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Front. Chem., 27 February 2014 | https://doi.org/10.3389/fchem.2014.00008

A personal perspective on medicinal and pharmaceutical chemistry

  • Department of Chemistry, The University of Texas-Pan American, Edinburg, TX, USA

The search for new organic and inorganic compounds for treatment of different types of diseases is the aim of intense study. Over the past decades, many new compounds have been synthesized and isolated from numerous sources. However, only a fraction of them have demonstrated activity against human diseases. Despite the progress in research, the morbidity and mortality of several diseases including cancer, cardiovascular diseases, and HIV remains a major worldwide health problem. The effectiveness of currently available drugs is limited by high toxicities, low permeability, low half-life, and intrinsic or acquired drug resistance (Fesik, 2005; Gonzalez-Angulo et al., 2007). On this basis, it is crucial to search for novel molecules with high potency, low toxicity, and mutagenicity with selective activities that are able to overcome frequently developed resistance to available drugs. The challenging part in medicinal and pharmaceutical research is to differentiate between normal and affected cells and targets. For example, specific activation of cell death only in cancer cells without hampering normal healthy cells is one of the most difficult and hardest problems faced. However, this challenge opens up possibilities for conducting new medicinal and pharmaceutical research. Significant successes have also been realized in many research areas including: central nervous system, pulmonary system, oncology, infectious diseases, inflammation, cardiovascular, metabolism, and HIV. This has been possible because of the discovery of a number of new cellular targets including enzymes, synthetic pathways, novel reagents, development of new and target validation methods. Although inhibition of enzymes by small molecules and the identification of some of their targets have been confirmed, an improvement of the efficacy by structure-activity relationship studies using the computer-assisted data has failed in some instances. This is not surprising since many drugs can attack the diseased and normal cells in a variety of ways. For example, adriamycin was shown to be a DNA binding agent for many years. But, polymeric conjugates of adriamycin exert anticancer activity without entering into the cell nucleus (Tritton and Yee, 1982; Tritton, 1991). It was found that the drug-conjugate was located at the cell membrane and adriamycin was still bound to the polymer.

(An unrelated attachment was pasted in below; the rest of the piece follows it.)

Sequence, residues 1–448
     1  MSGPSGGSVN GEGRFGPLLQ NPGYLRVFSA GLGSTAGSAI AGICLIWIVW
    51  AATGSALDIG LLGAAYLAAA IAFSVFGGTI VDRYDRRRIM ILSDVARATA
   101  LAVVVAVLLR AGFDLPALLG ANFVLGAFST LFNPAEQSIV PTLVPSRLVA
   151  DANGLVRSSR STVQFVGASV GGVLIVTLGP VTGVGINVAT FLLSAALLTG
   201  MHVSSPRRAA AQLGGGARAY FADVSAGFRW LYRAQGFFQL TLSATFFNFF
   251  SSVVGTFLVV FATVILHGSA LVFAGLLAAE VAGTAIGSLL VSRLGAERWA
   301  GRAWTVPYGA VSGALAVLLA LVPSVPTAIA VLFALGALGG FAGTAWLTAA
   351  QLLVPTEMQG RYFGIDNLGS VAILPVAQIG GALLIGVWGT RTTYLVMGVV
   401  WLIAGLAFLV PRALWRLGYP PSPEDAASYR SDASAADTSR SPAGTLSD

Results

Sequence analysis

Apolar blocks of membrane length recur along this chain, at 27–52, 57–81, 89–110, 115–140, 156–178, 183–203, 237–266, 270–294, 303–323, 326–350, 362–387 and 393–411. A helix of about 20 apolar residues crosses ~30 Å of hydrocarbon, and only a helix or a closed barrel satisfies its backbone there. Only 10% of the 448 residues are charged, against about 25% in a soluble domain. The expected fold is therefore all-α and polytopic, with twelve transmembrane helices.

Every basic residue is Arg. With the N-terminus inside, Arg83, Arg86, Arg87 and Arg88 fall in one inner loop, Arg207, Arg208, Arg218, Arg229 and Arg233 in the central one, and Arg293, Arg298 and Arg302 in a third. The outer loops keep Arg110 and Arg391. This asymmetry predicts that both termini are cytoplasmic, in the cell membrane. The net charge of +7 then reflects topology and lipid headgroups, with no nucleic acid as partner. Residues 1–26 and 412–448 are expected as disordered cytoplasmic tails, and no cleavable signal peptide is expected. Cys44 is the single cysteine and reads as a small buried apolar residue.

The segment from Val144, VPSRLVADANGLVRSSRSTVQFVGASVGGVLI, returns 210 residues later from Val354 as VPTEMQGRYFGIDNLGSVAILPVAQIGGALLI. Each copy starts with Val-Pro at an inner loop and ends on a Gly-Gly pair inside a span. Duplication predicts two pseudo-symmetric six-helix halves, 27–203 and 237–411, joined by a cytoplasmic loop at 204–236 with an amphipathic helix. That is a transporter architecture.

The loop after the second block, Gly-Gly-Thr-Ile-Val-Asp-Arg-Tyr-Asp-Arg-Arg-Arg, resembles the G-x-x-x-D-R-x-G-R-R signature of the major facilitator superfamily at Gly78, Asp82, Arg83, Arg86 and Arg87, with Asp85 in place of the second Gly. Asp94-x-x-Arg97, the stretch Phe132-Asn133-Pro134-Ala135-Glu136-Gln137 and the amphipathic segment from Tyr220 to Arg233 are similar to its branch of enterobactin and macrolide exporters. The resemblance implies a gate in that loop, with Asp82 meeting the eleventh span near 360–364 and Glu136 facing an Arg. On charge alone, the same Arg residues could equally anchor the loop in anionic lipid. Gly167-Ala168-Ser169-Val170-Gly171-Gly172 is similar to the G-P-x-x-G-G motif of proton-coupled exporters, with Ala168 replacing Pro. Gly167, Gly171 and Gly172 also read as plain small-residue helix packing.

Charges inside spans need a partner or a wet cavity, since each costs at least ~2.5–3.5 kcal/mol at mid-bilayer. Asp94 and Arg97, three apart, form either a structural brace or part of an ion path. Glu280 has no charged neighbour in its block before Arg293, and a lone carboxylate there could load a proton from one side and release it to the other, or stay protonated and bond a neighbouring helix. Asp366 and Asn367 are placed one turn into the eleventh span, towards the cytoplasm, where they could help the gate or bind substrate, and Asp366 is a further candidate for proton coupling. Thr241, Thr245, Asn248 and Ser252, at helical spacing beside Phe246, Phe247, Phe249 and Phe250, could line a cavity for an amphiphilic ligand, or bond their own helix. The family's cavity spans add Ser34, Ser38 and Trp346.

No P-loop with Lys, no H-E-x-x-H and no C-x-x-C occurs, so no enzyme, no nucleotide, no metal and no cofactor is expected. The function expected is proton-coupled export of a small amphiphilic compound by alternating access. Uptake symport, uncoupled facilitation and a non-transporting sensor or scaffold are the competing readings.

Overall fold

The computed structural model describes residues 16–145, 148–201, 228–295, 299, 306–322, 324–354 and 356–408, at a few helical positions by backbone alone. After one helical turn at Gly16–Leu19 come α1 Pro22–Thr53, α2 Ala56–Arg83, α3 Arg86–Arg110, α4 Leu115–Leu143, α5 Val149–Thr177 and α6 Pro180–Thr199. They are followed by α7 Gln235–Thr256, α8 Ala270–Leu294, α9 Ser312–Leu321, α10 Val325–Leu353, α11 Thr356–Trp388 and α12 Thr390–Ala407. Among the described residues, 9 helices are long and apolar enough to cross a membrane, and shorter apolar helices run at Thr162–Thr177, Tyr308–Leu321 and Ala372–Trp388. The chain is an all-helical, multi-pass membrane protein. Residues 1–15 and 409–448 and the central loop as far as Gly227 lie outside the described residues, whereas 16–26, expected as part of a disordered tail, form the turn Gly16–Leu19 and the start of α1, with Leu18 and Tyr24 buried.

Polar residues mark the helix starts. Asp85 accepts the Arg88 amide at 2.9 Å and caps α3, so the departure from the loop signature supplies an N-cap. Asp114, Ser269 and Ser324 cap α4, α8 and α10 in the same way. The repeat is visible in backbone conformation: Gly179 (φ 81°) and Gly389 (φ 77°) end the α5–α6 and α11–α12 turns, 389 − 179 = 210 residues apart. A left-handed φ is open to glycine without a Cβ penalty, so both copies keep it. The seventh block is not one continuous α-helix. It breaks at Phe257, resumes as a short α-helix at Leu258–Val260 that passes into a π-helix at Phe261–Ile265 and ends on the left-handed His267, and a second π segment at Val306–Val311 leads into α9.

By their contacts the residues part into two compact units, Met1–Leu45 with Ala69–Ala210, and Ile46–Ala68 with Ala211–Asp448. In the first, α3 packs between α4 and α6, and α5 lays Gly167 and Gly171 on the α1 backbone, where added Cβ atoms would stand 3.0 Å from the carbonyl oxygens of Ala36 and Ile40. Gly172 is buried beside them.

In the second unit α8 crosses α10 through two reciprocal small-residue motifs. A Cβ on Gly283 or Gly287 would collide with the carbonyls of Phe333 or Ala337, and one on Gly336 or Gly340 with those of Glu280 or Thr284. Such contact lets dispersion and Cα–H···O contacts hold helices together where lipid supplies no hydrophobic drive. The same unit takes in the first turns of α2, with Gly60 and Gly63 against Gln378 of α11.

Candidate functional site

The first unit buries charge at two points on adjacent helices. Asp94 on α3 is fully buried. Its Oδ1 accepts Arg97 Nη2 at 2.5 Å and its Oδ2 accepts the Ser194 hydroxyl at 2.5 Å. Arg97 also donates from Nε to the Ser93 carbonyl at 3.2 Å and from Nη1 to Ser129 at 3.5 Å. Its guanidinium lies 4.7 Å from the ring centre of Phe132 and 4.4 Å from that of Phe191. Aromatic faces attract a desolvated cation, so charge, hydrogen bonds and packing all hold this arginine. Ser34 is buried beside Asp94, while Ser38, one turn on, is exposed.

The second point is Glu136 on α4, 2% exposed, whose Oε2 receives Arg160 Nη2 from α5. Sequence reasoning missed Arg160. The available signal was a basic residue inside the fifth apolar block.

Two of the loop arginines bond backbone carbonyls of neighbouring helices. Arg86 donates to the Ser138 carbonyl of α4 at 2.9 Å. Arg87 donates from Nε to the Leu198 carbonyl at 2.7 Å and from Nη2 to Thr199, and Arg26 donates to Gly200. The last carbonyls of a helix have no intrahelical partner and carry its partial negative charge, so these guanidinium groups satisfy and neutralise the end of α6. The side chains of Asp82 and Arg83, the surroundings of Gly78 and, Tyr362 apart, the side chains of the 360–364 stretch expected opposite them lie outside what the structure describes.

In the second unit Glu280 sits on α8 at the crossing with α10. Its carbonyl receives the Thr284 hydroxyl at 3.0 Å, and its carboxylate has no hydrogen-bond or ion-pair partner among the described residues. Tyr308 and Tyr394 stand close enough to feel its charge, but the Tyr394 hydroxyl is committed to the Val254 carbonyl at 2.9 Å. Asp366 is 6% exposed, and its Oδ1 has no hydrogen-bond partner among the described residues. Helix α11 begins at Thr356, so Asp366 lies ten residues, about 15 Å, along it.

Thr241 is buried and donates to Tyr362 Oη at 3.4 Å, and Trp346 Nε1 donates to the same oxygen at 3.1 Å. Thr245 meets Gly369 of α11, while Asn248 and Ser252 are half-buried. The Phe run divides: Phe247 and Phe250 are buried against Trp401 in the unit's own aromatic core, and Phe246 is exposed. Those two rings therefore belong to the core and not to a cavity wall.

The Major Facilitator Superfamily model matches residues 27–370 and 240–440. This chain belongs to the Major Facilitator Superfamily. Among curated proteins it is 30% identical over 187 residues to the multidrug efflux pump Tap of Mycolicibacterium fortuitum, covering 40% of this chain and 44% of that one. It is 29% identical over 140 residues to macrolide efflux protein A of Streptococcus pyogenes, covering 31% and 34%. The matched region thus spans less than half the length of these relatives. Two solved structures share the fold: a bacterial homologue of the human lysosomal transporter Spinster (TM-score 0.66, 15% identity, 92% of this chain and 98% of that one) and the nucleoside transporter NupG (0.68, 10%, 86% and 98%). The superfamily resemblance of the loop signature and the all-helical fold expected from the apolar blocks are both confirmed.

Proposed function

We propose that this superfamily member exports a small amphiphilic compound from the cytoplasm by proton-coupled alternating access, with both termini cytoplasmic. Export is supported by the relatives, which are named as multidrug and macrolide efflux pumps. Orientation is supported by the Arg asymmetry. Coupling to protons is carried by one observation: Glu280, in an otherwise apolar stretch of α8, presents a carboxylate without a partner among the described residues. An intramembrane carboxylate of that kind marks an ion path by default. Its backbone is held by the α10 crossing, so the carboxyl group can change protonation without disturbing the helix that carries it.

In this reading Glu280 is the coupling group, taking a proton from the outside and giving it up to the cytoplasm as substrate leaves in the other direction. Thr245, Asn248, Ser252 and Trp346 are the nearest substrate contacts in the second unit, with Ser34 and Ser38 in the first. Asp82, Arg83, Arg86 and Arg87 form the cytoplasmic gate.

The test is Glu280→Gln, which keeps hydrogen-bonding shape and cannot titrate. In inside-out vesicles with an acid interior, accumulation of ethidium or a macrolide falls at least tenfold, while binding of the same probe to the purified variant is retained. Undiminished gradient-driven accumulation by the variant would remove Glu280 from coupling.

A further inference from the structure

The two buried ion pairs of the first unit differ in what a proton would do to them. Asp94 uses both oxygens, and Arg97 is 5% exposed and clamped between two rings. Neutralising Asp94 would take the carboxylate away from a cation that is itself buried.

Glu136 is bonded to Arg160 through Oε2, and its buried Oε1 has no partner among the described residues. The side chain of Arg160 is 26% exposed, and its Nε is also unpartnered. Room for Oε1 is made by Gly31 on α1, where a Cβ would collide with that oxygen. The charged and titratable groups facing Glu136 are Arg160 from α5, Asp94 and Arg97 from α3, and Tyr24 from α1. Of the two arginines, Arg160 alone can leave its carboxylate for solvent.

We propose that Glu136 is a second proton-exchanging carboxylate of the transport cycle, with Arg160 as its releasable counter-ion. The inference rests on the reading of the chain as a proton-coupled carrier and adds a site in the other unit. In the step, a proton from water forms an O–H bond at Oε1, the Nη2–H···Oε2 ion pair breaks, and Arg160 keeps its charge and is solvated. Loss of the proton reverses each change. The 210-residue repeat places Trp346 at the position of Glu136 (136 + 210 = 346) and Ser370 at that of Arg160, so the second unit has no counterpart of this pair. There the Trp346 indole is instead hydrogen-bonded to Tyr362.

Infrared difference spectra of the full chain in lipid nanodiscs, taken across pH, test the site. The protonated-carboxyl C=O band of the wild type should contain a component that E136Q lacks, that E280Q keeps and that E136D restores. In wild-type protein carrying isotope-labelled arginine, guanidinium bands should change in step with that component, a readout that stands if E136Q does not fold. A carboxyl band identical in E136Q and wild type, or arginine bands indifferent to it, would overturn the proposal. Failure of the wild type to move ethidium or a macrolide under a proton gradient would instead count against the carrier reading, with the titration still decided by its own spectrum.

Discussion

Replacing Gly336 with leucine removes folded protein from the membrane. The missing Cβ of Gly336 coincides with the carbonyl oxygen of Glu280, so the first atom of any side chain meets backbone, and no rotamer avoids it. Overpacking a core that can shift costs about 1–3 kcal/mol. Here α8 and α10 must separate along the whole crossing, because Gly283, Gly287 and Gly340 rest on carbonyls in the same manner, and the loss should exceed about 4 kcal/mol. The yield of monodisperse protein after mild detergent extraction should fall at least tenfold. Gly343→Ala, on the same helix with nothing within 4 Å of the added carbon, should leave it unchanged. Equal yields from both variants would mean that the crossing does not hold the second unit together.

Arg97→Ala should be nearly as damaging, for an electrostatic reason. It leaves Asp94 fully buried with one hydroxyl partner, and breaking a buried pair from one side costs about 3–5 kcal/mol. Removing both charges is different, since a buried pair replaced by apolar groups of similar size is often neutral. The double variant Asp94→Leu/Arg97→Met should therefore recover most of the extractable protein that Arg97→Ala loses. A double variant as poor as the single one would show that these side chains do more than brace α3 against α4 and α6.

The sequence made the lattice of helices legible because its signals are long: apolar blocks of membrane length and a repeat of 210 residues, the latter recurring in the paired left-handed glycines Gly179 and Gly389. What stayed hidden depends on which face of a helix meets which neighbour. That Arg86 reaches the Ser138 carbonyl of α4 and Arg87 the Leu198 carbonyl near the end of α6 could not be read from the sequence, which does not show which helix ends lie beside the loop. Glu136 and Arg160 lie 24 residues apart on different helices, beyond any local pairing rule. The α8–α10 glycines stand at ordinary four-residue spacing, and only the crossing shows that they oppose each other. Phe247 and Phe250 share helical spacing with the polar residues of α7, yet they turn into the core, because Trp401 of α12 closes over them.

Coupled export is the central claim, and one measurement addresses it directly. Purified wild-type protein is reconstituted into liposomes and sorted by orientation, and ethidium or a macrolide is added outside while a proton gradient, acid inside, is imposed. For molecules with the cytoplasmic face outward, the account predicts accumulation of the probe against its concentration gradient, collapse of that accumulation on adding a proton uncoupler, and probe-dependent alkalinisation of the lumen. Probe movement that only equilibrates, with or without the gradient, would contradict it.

Our research group has been involved in the development of new anticancer agents which have not been explored systematically1. Our endeavor in this area has not been smooth and problem free because we have used polyaromatic amine derivatives as key components in our molecules. The main criticisms were that these molecules could generate mutagenicity in the cell. Extensive research has confirmed that certain polycyclic aromatic compounds are mutagenic and carcinogenic. Does this mean that all polycyclic aromatic compounds are mutagenic? The obvious answer is “no.” The fundamental organic compound benzene is carcinogenic, but several hundred benzene derived compounds are extremely useful drugs. Numerous anthracyclines, metal-containing molecules, and mustards are presently in clinical use.